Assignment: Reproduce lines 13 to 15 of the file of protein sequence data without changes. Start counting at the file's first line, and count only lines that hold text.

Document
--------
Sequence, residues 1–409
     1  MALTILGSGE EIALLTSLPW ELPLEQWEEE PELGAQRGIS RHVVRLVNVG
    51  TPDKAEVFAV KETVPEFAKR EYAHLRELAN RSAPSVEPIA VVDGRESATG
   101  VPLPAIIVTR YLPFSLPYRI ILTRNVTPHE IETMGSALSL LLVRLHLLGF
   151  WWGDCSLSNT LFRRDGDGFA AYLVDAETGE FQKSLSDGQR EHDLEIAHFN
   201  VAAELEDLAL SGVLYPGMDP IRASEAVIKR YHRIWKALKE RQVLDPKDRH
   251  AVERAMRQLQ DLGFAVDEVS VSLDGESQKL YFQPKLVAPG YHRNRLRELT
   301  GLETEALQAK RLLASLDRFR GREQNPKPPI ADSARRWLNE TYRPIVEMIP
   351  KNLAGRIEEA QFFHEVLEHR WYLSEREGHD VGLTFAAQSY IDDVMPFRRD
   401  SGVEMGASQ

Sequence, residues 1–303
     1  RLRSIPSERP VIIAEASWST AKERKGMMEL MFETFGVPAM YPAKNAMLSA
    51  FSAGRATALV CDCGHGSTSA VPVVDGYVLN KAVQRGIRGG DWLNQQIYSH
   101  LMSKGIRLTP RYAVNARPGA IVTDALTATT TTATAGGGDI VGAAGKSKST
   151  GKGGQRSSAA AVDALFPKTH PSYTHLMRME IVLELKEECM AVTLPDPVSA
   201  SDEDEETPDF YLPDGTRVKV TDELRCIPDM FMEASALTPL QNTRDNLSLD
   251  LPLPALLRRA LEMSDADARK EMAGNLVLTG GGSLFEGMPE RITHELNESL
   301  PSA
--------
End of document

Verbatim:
    51  FSAGRATALV CDCGHGSTSA VPVVDGYVLN KAVQRGIRGG DWLNQQIYSH
   101  LMSKGIRLTP RYAVNARPGA IVTDALTATT TTATAGGGDI VGAAGKSKST
   151  GKGGQRSSAA AVDALFPKTH PSYTHLMRME IVLELKEECM AVTLPDPVSA